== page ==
Capital Adequacy is a key theme under the Basel framework, and credit risk is a prominent feature thereof. The Basel Committee allows regulated Banks a choice between two approaches for calculating Capital Requirement for Credit Risk; the Standardised Approach and the Internal Ratings Based Approach.
A bank adopting the second option
There are two broad categories of Capital, being Tier 1 and Tier 2. Tier 1 is broadly made up of Common Equity Tier 1 (CET1) and Additional Tier 1 (AT1). CET 1 is the component of major interest for regulators and it is made up of share capital and retained earnings, but also subject to some regulatory adjustments.
Retained earnings accumulate (or deteriorate) over time as a function of annual profit after tax as well as dividends declared and paid. And there lies the direct link to IFRS 9.
We have appreciated the volatility implications of ECL to reported profits after tax, and this volatility is carried through to CET 1, arguably the most important component of total capital. Remember, under IFRS 9, credit losses are staged in three tiers;
Stage 1: Assets are performing well, with no indications of significant credit deterioration, no loss event, but entities are required to estimate and account for expected losses for the next 12 months.
Stage 2: Assets are performing, but with indications of significant credit deterioration, however no loss event has occurred, but entities are required to estimate expected losses over the entire life of affected assets.
Stage 3: There has been significant credit deterioration, and a loss event has actually occurred. Entities are required to estimate credit losses over the entire life of the affected assets. At this point, interest income recognised against the affected assets is net of recognised ECL.
From the above, one can clearly see that under IFRS 9 (unlike IAS 39), ECL provisions are not only volatile but generally higher; entities take provisions on performing assets, with no indications of significant credit deterioration (stage 1), entities book life time expected losses on the basis of a broader spectrum of indications, even before those crystalise into a loss even (stage 2) and these are over and above what would ordinarily have attracted IAS 39 provisions (Stage 3).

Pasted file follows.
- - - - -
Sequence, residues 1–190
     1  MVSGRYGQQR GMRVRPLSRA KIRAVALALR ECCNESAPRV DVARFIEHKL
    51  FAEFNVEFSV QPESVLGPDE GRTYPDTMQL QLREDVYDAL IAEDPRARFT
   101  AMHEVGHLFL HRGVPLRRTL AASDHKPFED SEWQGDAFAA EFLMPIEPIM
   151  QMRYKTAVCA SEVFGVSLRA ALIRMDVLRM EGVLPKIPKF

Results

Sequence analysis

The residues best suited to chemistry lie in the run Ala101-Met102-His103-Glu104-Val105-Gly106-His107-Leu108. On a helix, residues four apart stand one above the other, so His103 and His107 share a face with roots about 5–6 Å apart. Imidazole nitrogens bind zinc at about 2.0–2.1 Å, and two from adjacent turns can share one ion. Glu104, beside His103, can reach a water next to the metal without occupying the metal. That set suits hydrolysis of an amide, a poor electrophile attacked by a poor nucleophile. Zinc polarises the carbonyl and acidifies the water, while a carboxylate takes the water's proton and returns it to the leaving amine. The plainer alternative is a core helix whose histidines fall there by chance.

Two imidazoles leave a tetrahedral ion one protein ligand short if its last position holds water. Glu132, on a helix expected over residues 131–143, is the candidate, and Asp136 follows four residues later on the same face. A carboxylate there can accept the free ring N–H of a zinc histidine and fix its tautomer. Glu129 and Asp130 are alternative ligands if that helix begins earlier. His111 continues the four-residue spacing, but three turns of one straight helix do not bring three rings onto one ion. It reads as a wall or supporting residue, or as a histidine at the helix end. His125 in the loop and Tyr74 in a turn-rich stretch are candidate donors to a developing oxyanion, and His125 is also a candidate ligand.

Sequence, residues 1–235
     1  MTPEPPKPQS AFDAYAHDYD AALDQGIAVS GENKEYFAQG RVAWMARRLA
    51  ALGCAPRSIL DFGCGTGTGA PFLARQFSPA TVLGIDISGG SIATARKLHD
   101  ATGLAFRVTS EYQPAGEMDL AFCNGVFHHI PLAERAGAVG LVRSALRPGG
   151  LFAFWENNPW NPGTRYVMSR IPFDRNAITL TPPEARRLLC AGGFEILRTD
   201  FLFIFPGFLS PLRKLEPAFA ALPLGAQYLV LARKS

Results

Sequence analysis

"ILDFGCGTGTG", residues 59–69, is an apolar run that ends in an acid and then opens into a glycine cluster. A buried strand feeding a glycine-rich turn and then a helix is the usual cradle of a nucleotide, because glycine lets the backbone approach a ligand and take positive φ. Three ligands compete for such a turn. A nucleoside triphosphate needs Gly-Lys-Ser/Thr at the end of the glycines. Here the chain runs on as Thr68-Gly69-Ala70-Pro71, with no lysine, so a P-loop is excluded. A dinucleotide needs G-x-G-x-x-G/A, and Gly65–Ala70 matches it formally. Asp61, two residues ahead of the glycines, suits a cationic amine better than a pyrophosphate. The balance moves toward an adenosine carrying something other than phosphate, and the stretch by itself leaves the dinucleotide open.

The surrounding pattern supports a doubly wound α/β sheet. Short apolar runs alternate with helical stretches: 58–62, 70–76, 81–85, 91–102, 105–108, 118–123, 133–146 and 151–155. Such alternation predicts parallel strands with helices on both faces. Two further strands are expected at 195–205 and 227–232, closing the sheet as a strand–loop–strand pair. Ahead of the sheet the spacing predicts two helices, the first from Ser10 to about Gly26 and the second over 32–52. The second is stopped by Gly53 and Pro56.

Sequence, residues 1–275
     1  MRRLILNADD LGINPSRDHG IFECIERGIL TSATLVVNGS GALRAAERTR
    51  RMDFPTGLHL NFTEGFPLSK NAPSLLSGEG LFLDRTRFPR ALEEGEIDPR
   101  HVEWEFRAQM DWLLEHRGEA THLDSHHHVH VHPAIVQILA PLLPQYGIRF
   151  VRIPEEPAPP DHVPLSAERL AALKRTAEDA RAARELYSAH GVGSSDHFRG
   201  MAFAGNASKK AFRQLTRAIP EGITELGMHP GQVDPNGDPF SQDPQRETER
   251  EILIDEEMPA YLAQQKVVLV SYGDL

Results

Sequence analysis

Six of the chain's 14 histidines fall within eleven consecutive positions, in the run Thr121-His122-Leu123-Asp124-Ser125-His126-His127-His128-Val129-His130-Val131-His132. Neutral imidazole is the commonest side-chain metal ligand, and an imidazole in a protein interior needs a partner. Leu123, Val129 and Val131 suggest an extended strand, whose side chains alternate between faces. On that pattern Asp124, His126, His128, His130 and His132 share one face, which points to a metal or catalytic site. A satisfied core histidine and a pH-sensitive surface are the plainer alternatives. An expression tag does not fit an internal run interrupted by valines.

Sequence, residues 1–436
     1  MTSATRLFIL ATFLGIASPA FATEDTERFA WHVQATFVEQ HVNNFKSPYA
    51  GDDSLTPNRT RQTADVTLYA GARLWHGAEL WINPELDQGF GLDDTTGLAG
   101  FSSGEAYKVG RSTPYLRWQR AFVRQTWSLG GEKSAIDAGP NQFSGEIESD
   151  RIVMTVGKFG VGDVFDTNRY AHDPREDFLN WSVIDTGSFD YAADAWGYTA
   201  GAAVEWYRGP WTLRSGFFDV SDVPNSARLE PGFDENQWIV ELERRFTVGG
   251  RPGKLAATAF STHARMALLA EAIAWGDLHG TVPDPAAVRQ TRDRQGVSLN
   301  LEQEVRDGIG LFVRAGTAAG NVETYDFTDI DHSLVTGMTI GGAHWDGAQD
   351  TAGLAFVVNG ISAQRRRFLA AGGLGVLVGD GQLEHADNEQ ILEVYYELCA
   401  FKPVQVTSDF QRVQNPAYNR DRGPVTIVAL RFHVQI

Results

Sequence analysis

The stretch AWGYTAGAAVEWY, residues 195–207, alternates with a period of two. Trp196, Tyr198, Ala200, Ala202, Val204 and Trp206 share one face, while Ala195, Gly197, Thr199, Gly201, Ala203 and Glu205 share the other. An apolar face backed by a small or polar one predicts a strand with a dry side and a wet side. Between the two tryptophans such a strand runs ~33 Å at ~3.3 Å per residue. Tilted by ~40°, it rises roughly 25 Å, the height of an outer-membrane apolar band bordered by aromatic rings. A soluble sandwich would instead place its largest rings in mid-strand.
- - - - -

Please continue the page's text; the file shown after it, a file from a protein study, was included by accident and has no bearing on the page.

A further point to consider is that a lot more assets are now eligible for ECL provisioning than before, and this include undrawn down commitments on credit facilities, (yes! based on assessed customer behaviour).
What is the practical implication of all this for capital management? Wider buffers- and increased costs. One thing is certain- entities can no longer be comfortable at the same capital buffer levels they operated prior to January 1, 2018.
When entities adopted IFRS 9 for the firs time, extant exposures were subject to ECL provisioning, in most (if not all) cases resulting in an additional charge against reserves (“The Day 1 impact”).
This reduced the most sensitive component of regulatory capital, CET 1. This had an immediate impact on Capital buffers. However, for regulatory reporting purposes (and not for financial reporting), some jurisdictions allowed for a phased approach with which the Day 1 Impact will be amortised over a period of time, say 3-5 years.
As a side point, Banks with AT1 instruments on their balance sheets have a secondary buffer as such instruments automatically converts to qualify for CET 1, subject to certain triggers, if that class of capital falls below regulatory thresholds.
Implementation of IFRS 9 potentially comes with increased costs, increased credit impairment stocks, which are highly volatile in nature. Increased costs eat on profits, volatility impairs investor confidence and credit rating if not well managed (or at least well explained).
Businesses strategies cannot ignore the impact- product constructs and pricing are affected, as well as credit protection mechanisms.
It is not business as usual for banks either- capital buffers need to be fatter, and dividend policies could need adjustments or potentially face a balking supervisor if declarations are deemed too generous for sustained capital buffers.
*Dr Mbako Mbo is Standard Chartered Bank Botswana’s Chief Financial Officer